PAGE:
Pandemic a factor as 2020 National Poppy Drive launches Friday

Poppy boxes will be at area businesses that have volunteered to take them

The Royal Canadian Legion’s (RCL) 2020 National Poppy Drive officially begins Friday, and the pandemic is being factored into this year’s fundraising.

There will be little, if any, soliciting for money outside most stores across the country.

“We have great cooperation from our Cadet Corps who go out to the different stores and canvass for us. That’s not going to happen because cadets are no longer able because of the COVID situation. They aren’t able to participate,” says Crystal Cook, RCL District E Commander, representing legion branches in Simcoe County.

“That was a huge chunk of volunteer hours that branches relied on.”

Cook says a lot of their Legion members are elderly, so going out to stores and canvassing for poppies is not a safe thing to do.

The Legion branch in Barrie raised about $140,000 during last year’s Poppy Drive, funds that are directed to the national branch of the RCL to continue programs for Veterans across the country.

“There will be nobody out there with poppy boxes campaigning for us. The only box out there will be the businesses who have volunteered to hold them for us and put them on their counters when people come by and drop in a donation,” says Fern Taillefer, the Poppy chairman for the Barrie branch of the RCL.

He says a woman dropped by their St. Vincent Street location this week with a $500 donation, which Taillefer called “unbelieveable.”

Back in July when Cook was reviewing the financial numbers for the branches in Simcoe County, she told Barrie 36 that most were holding their own, but a few were in jeopardy of closing if things didn’t turn around in the immediate future.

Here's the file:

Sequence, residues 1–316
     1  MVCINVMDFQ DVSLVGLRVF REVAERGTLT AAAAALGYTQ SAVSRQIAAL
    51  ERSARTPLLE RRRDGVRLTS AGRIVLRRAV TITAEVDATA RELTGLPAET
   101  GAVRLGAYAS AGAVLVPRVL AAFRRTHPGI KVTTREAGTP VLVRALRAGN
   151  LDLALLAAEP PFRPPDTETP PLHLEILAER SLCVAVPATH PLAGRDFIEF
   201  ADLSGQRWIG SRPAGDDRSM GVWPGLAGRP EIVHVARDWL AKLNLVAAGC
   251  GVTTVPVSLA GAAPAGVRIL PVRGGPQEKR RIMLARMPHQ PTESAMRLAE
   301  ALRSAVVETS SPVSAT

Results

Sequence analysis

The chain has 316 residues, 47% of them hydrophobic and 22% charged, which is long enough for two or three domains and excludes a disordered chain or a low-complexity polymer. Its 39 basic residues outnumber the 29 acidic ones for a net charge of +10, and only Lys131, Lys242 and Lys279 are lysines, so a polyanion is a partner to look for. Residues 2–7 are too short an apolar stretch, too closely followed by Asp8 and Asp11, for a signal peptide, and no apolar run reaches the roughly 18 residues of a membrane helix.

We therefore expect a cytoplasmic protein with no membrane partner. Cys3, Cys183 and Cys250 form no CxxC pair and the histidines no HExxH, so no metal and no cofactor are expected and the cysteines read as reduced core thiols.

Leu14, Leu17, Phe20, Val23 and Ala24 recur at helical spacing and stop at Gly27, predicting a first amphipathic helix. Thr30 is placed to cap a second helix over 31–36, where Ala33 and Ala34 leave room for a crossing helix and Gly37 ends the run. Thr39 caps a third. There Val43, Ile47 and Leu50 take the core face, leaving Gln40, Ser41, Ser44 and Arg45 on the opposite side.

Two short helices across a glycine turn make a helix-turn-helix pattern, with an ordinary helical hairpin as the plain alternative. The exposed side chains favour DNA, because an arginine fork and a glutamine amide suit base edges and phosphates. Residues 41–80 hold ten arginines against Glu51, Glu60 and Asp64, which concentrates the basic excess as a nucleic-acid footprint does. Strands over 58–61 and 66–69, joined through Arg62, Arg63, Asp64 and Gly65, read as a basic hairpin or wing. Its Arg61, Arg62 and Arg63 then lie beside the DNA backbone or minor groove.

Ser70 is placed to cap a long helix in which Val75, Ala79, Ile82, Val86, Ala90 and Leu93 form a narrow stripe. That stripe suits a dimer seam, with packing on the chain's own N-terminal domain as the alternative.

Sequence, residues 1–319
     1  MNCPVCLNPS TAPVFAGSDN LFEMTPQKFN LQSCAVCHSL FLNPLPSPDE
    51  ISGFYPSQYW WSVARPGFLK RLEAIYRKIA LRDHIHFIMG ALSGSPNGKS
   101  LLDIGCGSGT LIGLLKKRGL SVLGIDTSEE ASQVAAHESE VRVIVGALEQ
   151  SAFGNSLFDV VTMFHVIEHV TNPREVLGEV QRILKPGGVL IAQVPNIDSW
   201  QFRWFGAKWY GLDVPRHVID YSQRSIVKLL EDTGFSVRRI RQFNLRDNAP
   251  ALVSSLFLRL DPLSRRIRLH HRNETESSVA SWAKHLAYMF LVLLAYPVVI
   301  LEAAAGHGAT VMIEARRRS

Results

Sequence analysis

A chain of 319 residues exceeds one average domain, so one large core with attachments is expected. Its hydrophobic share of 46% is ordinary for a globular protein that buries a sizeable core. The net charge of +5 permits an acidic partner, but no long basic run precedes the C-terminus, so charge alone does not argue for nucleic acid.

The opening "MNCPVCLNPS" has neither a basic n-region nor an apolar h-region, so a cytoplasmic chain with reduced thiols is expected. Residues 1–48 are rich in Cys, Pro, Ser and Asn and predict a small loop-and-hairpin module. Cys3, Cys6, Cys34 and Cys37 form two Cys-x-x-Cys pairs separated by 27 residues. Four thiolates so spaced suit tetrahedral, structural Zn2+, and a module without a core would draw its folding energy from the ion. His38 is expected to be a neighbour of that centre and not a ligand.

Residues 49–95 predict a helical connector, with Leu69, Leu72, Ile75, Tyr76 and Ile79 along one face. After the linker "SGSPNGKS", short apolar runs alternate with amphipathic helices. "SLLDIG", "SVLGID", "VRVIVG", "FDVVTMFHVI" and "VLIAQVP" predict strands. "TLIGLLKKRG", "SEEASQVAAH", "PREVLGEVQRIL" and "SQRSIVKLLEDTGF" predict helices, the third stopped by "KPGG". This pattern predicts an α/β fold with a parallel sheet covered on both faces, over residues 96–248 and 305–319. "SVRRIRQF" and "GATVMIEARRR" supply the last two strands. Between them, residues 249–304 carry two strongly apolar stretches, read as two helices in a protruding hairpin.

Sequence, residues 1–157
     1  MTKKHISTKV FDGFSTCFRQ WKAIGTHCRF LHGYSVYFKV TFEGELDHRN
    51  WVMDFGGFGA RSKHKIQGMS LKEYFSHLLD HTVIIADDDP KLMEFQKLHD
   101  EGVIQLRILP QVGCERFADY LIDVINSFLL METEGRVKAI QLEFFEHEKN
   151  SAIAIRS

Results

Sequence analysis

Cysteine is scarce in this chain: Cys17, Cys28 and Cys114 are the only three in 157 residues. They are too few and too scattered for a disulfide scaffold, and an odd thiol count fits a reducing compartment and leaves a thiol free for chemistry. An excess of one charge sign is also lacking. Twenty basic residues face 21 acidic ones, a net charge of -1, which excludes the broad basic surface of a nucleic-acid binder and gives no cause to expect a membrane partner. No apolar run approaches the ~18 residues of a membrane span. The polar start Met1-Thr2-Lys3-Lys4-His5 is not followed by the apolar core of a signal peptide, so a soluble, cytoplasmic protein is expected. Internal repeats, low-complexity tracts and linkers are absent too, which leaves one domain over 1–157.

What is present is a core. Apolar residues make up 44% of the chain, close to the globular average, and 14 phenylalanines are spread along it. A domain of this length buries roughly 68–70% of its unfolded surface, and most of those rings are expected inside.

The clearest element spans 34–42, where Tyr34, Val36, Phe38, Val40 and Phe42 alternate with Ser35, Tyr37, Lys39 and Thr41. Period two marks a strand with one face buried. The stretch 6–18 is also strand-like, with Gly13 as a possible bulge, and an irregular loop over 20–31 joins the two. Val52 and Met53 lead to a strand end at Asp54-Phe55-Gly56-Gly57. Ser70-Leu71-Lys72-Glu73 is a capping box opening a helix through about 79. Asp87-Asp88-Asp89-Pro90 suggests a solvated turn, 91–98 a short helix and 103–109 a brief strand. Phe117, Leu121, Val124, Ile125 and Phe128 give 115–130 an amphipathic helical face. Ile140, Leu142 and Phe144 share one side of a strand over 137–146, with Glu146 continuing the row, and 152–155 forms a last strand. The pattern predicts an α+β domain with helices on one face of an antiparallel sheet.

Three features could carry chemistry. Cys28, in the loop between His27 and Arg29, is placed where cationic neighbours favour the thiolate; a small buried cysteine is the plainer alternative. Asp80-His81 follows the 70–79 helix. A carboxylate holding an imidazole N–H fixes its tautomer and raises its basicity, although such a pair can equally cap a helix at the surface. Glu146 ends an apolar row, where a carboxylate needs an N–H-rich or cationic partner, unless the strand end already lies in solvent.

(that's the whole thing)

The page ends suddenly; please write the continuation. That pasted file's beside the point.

The provincial and federal governments have since announced funding to help Legion branches. Over $80 million through the Trillium Foundation, though Cook says what the Ford government put on the table wasn’t really useful for most of their branches. She says the funding put together programs to bring in people to their branches or do renovations.

“But if your doors aren’t able to open because you’ve got no money, you can put all the programs you want in place,” laments Cook. “And the process to get approved is going to cost us money.”

She says most anything to do with the Trillium grant needs, for the most part, statements done by auditors or chartered accountants, depending on how much money a branch is getting. Cook says audited statements could cost up to $7,000.

Ottawa announced funding earlier this month, which included a $20 million aid package for veterans’ groups across Canada before the end of the year. Cooks says they are still waiting for details.

“We’re basically surviving on whatever we’ve been able to do at our own level.”

At the Barrie branch, Taillefer says they are holding their own.

“We’re not hurting, hurting, hurting. But if we get another closure that’s really going to damage us big time.”

Money donated during the National Poppy campaign goes directly into a number of programs to support Veterans on a wide range of issues such as health care, processing government benefits, homelessness, and providing meals, however the funds do not get put back into the coffers of local branches.

Some people have started marketing their own Remembrance Day items online, which Cook believes is a honest attempt to support Legions across the country, and while the effort is appreciated, the poppy is a trademark.

“People have, you know, the best intentions. I would caution people to not contribute to those because there’s no safeguard to ensure that if I give you $10 because you are doing something nice to try and help the Legion that it’s actually going to make it there.”

There are many Remembrance Day items online, including a non-medical mask produced by the Legion in response to COVID-19.

The poppy campaign will kick off with an invitation-only ceremony at the Barrie legion branch Friday morning.